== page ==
Also, earlier this month there was a lovely campaign going on over at Mama By the Bay. Suzanne Barston, Jamie Lynne Grumet and Mama By the Bay’s Kim Simon launched the “I Support You” project. Check it out. It’s about supporting both nursing mothers and formula-feeding mothers. It’s about ending the mommy wars and supporting each other without judgement.

So, my final words as Breastfeeding Awareness Month comes to a close is for people to keep talking about it. Keep educating others. Keep breastfeeding in public and nursing beyond the publicly-accepted one year mark. Help to normalize breast feeding and “extended” breastfeeding. Keep supporting each other.

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Last year, on October 1, Adelaide moved out of the infant room at her daycare and into the young toddler’s room, and I blogged about it here.

This year, on Monday, August 26, Adelaide moved out of that young toddler’s room and up to the two-year-old room. I don’t know what she’s going to do without her Kiki and Saddie. (Kiki was her teacher and Saddie is her friend who is a few months younger and not yet moving up). Adelaide talks about “Kiki Saddie” all the time. As if they are one entity. Kiki Saddie. Kiki Saddie.

Adelaide even has a “Saddie shirt.” (It’s actually the t-shirt with the daycare’s logo on it, but Saddie has one too so she calls it her “Saddie shirt.”)  Adelaide also has a Saddie cup. I’m not sure where that even came from because I’ve talked to Saddie’s parents and while Saddie does have sippie cups (don’t they all?) she doesn’t have one like Adelaide’s “Saddie cup.”

I don’t know if Saddie is just an easy name for a toddler to say, or whether this girl has really made that much of an impact on our daughter. All I know is she seems to have Rock Star status at our house.

It’s not as if Adelaide doesn’t know the kids in the two-year-old room. She’s been going to our daycare three-days-a-week since she was 12 weeks old. Most of the other kids in her class were in her toddler room or even her infant room at one point. Our daycare is so small that Adelaide will still see Kiki and Saddie regularly. They all play together in the morning and during pick-up, and they sometimes do other activities together throughout the day. And, with a late October birthday, Saddie will likely be moving up to the two-year-old room later this year.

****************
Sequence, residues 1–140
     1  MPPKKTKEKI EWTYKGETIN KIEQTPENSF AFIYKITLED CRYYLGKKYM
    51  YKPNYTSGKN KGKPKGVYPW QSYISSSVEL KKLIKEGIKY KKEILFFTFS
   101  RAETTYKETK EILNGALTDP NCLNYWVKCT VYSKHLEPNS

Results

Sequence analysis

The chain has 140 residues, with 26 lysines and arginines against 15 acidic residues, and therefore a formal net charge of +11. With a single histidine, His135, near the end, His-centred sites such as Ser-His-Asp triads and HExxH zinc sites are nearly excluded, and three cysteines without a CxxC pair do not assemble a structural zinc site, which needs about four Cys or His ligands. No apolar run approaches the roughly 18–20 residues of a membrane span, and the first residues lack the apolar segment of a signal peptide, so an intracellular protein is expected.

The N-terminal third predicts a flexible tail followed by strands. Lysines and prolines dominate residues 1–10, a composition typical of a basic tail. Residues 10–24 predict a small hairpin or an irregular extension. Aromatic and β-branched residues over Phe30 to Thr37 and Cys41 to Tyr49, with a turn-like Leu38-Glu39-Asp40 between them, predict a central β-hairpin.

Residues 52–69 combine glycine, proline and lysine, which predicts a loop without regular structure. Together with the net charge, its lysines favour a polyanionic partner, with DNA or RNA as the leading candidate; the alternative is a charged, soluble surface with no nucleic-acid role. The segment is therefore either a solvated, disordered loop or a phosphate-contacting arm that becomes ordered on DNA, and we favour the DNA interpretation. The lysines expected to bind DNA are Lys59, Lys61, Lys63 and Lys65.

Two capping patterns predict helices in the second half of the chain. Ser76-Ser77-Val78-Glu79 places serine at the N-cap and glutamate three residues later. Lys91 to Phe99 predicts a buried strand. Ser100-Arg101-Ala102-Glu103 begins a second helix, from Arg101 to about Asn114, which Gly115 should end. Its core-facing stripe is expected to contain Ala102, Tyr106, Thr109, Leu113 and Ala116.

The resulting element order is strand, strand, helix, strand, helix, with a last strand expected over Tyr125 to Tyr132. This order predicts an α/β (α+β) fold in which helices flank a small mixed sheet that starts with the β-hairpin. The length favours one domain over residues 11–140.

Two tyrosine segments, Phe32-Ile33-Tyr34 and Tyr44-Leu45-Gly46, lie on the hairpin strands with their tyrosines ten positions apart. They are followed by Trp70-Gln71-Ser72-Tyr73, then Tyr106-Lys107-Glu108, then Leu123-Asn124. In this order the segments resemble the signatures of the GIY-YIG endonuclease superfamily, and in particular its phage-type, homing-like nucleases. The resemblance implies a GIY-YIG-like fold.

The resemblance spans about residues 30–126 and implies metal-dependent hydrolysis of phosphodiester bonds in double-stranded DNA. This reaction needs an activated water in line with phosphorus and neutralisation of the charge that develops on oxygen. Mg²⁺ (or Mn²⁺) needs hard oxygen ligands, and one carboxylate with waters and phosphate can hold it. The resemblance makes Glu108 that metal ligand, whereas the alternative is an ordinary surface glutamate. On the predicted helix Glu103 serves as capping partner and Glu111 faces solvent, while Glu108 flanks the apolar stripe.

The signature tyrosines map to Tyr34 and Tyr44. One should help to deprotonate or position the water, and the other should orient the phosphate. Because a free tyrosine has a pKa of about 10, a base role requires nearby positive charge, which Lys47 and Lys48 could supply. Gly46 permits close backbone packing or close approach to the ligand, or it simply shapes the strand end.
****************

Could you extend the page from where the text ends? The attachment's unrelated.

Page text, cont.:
Although today was day three of being in her new room, Adelaide walked straight into Kiki’s room when she got to school today. Old habits are hard to break, and I don’t think Adelaide quite understands that she’s not in Kiki’s room anymore. While getting dressed this morning and talking about school, it was all “Kiki Saddie.”

To keep the tradition going, here is the new “first day of school” photo from Monday in addition to the photos from the previous two years. It’s so fun to see how much she has grown and changed (and how long her hair has gotten).

First Day of School |

First day of school in the two-year-old room – August 26, 2013

First day of school in the young toddler room - October 1, 2012

First day of school in the young toddler room – October 1, 2012

First Day of School |

First day of school in the infant room – October 20, 2011